Skip to main content
School of Business and Management

Call for Papers: The International Conference of the China-UK Forum on Science & Technology Innovation and Entrepreneurship Policy

8 July 2019

Time: 9:30am
Venue: Queen Mary University of London





Call for Papers & Participants 

The International Conference of the China-UK Forum

on Science & Technology Innovation and Entrepreneurship Policy


China-UK Science, Technology and Innovation Cooperation: the Next 40 Years

Conference 8-9th July 2019

with optional post conference visits until 12th July 2019

Queen Mary, University of London

Conference website:


Organised by

Chinese Association for Science and S&T Policy Research (CASSSP)

China Association for Science and Technology & based at the Chinese Academy of Sciences


School of Business and Management, Queen Mary, University of London


In collaboration with

The China-Britain Doctoral Association

The Institute of Science and Development at the Chinese Academy of Sciences

the University of Chinese Academy of Sciences

Centre for Innovation and Development, Chinese Academy of Sciences


In 2018, China celebrated the 40th anniversary of the launch of its economic reform and “opening up” programme. 2018 was also an important year as it marked four decades of UK-China scientific relations since the first UK-China bilateral agreement was signed. This was China’s first ever bilateral science and innovation collaboration and UK-China joint commission meetings have become a regular occurrence since 1998. In 2014, the UK government further published the UK-China cooperation framework. This has led to the establishment of the UK-China Research and Innovation Cooperation Partnership Fund that enables a continuous increase in personnel exchange, joint research, academic visits and training. In 2017, both countries took a step further and officially launched the UK-China Joint Strategy for Science, Technology and Innovation cooperation to support academics, researchers and businesses from basic research to commercialization of innovation. It is believed this new strategy will create opportunities for both countries to drive economic growth and tackle global challenges such as climate change, population growth and aging, pollution, major diseases, and declining natural resources.  However, few comprehensive policy studies have been done in exploring the international cooperative mechanisms that enable successful technology and innovation collaboration between countries.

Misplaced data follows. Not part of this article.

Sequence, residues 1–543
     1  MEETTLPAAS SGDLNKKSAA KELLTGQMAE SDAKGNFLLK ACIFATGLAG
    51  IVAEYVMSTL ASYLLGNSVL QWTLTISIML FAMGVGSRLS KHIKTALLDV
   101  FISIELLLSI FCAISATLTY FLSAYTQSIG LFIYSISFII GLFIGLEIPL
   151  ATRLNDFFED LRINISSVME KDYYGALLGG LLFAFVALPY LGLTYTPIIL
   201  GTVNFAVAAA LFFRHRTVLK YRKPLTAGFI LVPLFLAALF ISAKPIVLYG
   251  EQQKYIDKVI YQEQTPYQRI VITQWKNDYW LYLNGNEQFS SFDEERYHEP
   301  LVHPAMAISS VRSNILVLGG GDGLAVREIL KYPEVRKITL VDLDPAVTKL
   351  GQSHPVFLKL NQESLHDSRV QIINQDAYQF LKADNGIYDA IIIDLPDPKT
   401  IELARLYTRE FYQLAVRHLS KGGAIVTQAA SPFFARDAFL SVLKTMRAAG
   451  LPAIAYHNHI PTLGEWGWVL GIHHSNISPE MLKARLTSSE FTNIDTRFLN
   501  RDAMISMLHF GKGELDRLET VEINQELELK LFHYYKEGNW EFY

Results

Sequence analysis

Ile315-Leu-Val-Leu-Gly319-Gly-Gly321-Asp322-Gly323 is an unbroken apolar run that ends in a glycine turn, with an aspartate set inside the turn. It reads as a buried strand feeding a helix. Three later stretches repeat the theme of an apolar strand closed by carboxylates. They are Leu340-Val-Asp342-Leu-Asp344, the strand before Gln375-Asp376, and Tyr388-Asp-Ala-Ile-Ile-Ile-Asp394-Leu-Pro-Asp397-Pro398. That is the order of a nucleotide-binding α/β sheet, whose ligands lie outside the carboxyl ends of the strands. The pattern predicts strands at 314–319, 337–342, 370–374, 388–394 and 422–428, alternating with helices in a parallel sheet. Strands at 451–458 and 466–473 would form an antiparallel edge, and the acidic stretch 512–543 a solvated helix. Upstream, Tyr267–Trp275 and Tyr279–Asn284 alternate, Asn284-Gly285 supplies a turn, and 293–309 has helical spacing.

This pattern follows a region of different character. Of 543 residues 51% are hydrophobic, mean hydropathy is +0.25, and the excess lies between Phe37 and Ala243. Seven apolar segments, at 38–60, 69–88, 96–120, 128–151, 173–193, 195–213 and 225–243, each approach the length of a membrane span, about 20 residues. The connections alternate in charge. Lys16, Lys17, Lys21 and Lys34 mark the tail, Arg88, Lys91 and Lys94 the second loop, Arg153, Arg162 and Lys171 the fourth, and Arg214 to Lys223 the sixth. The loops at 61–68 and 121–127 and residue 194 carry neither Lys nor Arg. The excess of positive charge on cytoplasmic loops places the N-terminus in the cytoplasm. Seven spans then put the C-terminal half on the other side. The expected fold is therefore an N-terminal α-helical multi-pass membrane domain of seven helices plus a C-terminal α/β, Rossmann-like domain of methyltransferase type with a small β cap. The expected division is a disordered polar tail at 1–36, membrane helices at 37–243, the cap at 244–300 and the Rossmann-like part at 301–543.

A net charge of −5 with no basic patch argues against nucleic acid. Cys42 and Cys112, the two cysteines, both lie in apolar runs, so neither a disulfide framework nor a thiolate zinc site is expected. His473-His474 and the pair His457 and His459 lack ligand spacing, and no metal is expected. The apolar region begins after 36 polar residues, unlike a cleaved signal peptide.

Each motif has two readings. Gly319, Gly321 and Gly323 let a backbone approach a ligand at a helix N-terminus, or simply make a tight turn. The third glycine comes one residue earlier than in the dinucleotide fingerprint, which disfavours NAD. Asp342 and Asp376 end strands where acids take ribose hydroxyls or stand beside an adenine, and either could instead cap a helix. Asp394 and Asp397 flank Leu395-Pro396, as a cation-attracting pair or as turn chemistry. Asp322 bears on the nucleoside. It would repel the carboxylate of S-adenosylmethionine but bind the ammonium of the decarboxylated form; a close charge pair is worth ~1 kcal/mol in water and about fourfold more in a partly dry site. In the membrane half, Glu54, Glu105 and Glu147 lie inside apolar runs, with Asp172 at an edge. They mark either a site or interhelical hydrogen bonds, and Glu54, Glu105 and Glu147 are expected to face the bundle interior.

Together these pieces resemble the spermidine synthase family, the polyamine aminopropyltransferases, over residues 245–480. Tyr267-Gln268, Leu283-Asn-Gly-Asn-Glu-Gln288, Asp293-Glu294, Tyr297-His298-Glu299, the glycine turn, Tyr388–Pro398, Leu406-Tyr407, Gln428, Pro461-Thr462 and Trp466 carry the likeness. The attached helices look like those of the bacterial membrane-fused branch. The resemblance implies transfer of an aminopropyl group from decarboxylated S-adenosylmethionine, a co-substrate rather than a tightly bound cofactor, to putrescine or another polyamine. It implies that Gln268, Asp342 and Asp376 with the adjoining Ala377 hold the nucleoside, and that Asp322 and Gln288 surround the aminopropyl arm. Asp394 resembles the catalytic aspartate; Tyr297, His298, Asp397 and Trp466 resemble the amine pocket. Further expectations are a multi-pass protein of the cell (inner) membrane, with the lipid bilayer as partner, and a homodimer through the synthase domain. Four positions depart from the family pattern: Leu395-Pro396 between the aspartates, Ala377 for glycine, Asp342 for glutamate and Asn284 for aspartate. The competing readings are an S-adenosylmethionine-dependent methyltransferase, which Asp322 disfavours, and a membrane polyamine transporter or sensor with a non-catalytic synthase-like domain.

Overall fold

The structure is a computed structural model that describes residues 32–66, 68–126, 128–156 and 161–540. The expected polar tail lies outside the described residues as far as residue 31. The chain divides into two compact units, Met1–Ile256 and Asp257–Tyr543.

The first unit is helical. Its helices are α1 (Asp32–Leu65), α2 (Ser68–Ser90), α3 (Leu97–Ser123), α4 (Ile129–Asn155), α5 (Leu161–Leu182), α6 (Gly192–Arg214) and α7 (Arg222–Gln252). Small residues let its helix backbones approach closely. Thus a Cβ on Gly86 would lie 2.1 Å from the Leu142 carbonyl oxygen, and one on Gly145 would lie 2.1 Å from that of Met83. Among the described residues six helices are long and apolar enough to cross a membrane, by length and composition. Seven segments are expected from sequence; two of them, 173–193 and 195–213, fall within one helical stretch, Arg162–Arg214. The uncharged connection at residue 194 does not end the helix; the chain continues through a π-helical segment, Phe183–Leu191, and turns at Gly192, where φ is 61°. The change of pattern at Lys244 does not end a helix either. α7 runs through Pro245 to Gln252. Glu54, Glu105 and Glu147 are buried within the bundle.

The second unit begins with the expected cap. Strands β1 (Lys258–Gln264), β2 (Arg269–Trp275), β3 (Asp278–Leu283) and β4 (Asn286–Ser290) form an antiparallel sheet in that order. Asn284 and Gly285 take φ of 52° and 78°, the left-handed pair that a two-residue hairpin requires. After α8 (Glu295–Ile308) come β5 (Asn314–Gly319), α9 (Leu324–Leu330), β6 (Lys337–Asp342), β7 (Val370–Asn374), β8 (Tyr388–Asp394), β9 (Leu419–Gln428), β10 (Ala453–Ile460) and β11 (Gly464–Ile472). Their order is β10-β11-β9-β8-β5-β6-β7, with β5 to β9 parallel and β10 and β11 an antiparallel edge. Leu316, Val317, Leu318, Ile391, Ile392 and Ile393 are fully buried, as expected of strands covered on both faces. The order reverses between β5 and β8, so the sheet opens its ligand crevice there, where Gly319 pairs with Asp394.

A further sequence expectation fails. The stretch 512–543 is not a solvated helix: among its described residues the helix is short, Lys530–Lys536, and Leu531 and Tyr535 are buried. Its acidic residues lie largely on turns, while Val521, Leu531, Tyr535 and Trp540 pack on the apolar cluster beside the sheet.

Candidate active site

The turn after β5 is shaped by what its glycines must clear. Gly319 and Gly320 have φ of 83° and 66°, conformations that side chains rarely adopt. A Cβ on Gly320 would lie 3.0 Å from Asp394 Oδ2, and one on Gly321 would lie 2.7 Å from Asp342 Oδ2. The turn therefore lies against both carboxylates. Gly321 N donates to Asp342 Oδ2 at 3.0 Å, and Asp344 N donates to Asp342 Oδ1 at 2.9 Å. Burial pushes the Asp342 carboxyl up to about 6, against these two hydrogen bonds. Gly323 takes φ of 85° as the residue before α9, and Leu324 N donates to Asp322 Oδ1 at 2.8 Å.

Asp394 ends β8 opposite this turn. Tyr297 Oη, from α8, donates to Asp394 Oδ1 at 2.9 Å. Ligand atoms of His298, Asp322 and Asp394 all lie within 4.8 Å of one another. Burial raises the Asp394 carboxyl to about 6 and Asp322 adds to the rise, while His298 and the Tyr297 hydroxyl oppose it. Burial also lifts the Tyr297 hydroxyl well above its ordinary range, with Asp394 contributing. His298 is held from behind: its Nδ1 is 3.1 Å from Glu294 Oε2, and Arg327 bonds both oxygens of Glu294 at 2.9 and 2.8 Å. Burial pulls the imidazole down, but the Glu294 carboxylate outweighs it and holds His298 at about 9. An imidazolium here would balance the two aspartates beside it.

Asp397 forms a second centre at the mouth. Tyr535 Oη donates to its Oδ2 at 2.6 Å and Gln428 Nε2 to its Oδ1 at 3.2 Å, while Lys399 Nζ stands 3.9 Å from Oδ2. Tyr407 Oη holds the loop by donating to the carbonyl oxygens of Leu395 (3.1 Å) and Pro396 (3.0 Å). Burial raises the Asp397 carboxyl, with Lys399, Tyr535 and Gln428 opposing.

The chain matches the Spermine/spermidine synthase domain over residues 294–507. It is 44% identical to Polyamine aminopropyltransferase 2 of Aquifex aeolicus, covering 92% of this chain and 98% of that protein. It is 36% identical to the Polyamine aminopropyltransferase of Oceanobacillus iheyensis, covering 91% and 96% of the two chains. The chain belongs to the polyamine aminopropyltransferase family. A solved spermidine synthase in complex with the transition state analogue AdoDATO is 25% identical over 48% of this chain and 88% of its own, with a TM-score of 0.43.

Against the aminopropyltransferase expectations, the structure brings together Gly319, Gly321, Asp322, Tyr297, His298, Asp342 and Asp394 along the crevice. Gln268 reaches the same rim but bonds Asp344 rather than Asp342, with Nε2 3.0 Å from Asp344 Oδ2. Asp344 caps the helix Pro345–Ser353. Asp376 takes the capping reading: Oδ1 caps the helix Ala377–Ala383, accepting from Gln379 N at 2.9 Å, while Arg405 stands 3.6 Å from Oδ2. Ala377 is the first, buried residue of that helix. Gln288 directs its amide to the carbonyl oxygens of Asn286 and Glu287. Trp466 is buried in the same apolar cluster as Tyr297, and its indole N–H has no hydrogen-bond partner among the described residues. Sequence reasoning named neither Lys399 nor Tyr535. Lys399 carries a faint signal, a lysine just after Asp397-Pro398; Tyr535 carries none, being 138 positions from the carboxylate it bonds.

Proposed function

As the UK-China collaboration is entering a new chapter, there is thus a great need to understand how the four decades of collaboration has had a lasting impact on both countries’ economic development and technological advancement. It is also necessary to explore the areas where policy support is needed to ensure another 40 years of successful collaboration between the UK and China.